Sorry, that wasn’t a particularly helpful or well thought out little rant, sometimes you just need to purge something.


#14

I’m just glad that there was a commitment to balance and centrism maintained by the inclusion of Patrick “I learned a lot from Gamer Gate” Kelpek


#15

I just want to echo Austin’s being bummed about Galak-Z on the Switch. I gave it a try but the F2P mechanics just destroy it for me. Maybe one day they’ll port the original. What a wasted opportunity.


#16

There is never going to be a 100% correct answer because as you said every solution has drawbacks and one drawback of having an open internet (which is something we should have despite the awful misuse of it by certain individuals and groups) is that you can’t completely remove the toxic people.

However, from my point of view the main issue is that as more people came into using the internet less power was shifted from the individual and groups and into corporations that run popular sites. Facebook, Twitter, YouTube, etc they don’t have their users interests at heart like community run forums, dedicated game servers, and IRC chat rooms did. All they care about is the ad revenue. When enough users get vocal that they think it’s going to hurt their bottom line they make a half-hearted attempt to “fix the problem” and nothing really changes.

If we want to see real change we as a society need to make a better attempt at moving off of company controlled social media sites and on to ones where users have control and the people running them do so because they want to see their communities grow and provide a safe place for them.

Take Mastodon as an example. It’s a decentralized Twitter competitor that does a lot of stuff in a smart (and sometimes confusing) way. At some point, I want to create a thread here about it once I have my thoughts on it more organized because I really do think moving towards things like it are a much healthier thing for everyone involved who is sick and tired of Twitter refusing to protect its users.

Then you have forums using Discourse, such as this one, which do the really smart thing of having a trust system. As an example, if you reach trust level 3 and flag a trust level 0 accounts post it’s immediately hidden and if enough level 3’s do that on multiple posts the user is auto silenced and all of their posts get hidden. That is an incredibly empowering feature because it means as long as you have some TL3’s online it makes it very hard for someone to do a forum raid effectively.

I don’t know how else to phrase this but I honestly feel like those of us in tech have a responsibility to try and make the internet a better place by introducing and improving similar solutions. A founding idea of the internet was “Mistrust authority promote decentralization” and we have steered so far away from that in the last 10 years.


#17

Honestly I think a lot of this is on the gaming companies themselves. The news of Ubisoft insta-banning people who use slurs in R6: Siege seems like a step in the right direction, and frankly should be the baseline for any online game/service. IMO a big part of why hate groups coalesce around games is because these companies let them get away with tons of stuff that would never fly in any (offline) public space.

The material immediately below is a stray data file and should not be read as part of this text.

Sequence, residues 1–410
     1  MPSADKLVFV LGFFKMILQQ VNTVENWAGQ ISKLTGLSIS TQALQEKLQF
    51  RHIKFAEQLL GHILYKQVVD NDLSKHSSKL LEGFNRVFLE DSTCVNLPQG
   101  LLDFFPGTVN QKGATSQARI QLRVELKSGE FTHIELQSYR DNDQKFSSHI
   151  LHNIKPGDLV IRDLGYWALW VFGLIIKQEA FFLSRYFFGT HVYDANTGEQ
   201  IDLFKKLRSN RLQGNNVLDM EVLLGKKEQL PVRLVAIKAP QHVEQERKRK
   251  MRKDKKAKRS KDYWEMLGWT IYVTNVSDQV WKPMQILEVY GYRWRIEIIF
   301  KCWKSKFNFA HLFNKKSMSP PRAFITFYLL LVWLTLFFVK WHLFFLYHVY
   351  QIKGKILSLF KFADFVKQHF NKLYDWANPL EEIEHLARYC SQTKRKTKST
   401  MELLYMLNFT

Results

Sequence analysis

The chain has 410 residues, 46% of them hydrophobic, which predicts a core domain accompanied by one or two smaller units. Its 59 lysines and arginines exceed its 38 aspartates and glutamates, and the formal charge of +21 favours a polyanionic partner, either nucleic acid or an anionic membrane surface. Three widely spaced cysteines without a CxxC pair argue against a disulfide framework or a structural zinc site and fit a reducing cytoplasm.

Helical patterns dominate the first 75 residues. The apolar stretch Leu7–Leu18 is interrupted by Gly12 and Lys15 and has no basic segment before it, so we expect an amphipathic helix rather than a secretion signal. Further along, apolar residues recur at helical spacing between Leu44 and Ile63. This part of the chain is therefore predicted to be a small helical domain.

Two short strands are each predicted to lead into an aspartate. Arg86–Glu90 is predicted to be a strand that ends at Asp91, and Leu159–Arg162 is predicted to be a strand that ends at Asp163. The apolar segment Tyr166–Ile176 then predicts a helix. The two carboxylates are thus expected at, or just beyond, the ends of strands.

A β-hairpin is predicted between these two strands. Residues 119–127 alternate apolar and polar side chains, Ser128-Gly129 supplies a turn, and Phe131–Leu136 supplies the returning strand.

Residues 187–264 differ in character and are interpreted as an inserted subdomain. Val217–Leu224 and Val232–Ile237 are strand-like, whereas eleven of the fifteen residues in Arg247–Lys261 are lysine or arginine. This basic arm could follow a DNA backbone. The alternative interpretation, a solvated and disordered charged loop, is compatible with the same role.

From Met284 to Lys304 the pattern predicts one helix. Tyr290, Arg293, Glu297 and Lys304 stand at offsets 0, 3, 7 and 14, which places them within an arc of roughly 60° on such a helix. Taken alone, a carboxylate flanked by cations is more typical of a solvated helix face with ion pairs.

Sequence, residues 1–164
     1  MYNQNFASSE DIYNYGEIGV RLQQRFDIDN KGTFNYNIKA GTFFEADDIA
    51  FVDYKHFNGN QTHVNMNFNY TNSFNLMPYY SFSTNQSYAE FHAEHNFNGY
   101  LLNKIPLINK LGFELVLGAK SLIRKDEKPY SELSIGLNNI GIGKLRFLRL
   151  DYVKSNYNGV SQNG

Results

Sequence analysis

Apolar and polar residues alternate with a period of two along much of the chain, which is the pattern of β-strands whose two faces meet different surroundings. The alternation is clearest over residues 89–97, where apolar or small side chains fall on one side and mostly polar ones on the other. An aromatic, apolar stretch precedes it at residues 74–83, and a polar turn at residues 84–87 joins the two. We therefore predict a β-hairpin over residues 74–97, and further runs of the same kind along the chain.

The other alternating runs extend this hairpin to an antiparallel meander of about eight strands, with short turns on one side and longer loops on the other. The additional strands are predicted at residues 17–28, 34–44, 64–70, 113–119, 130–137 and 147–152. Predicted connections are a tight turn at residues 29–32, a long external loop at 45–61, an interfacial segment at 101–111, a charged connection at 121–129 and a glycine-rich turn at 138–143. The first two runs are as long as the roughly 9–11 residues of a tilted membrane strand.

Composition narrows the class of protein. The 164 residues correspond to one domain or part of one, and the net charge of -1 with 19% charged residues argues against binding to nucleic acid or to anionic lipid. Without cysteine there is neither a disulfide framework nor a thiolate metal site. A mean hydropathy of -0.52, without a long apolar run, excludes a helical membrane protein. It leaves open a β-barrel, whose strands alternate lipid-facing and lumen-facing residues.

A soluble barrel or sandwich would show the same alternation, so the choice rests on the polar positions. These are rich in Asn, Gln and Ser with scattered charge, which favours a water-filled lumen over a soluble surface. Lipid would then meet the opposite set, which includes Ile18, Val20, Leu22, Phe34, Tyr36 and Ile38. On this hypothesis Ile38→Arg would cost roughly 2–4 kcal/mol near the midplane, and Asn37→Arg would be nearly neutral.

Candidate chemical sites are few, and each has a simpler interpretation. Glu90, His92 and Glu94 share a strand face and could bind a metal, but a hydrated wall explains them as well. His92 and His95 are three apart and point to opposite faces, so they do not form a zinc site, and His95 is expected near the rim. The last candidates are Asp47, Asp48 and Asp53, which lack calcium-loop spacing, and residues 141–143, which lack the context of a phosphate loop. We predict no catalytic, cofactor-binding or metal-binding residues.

On top of that, I’d like to see devs/publishers do the opposite of ArenaNet and stop enabling the gamer entitlement complex. I doubt we’ll ever completely stop hate campaigns from forming, but it shouldn’t be hard to stop centering these asshats as if they’re the core of the entire gaming audience. Like Jeff Gerstmann said on the Bombcast, it makes ArenaNet look desperate if they’re willing to hold on to any player, no matter how toxic.


#18

I think another big factor in this, is the mentality that comes from Silicon Valley. Specifically this idea that tech is the solution for everything. When all you have is a hammer, everything looks like a nail. etc. These tech bros convinced themselves, that they are able to solve everything through technology. So they use algorithms and automation, because that’s what brought them their success. Note how this also absolves themselves of any responsibility in their minds.

It’s this unwillingness to work with people who have insights in other fields, because for that they would have to acknowledge their own flaws.


#19

i sent them a letter. not sure if anyone of consequence will read it, but it felt good anyway…


#20

Burn it all down.


#21

The problem is that most of the game industry skews center-right. There is a big kick lately for diversity and the like, but it’s still a straight-white-male haven, with diversity mostly just being s talking point instead of any sort of actual movement.
They just don’t see the issues and if they do they don’t understand it. There is a lot of ignorance around social issues and very little willingness to open their heart and mind to other possibilities.
The thing you gotta realize is that so many people who work in the game industry started as gamers, so they came from the same sort of toxic pool.

Even with the Arenanet thing, I’m just shocked how many of my fellow gamedev workers are saying it was justified. It’s really depressing.